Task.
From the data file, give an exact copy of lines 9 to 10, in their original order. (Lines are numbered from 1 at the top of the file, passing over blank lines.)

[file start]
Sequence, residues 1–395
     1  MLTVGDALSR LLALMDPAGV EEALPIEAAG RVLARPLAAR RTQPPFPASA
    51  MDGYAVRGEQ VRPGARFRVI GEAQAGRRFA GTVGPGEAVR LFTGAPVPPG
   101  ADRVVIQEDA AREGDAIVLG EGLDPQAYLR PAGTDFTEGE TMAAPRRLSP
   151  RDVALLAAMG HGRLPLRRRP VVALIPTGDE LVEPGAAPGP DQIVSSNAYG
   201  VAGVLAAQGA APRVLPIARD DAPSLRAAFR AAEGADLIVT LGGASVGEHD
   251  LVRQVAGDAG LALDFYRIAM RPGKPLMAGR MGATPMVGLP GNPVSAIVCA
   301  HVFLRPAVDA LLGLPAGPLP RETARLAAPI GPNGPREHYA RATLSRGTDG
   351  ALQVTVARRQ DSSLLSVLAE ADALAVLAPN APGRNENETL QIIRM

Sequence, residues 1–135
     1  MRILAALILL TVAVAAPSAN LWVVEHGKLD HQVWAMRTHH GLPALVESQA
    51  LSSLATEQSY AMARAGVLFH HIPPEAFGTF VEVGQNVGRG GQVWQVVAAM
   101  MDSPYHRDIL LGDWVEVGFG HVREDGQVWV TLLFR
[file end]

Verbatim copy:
   351  ALQVTVARRQ DSSLLSVLAE ADALAVLAPN APGRNENETL QIIRM

Sequence, residues 1–135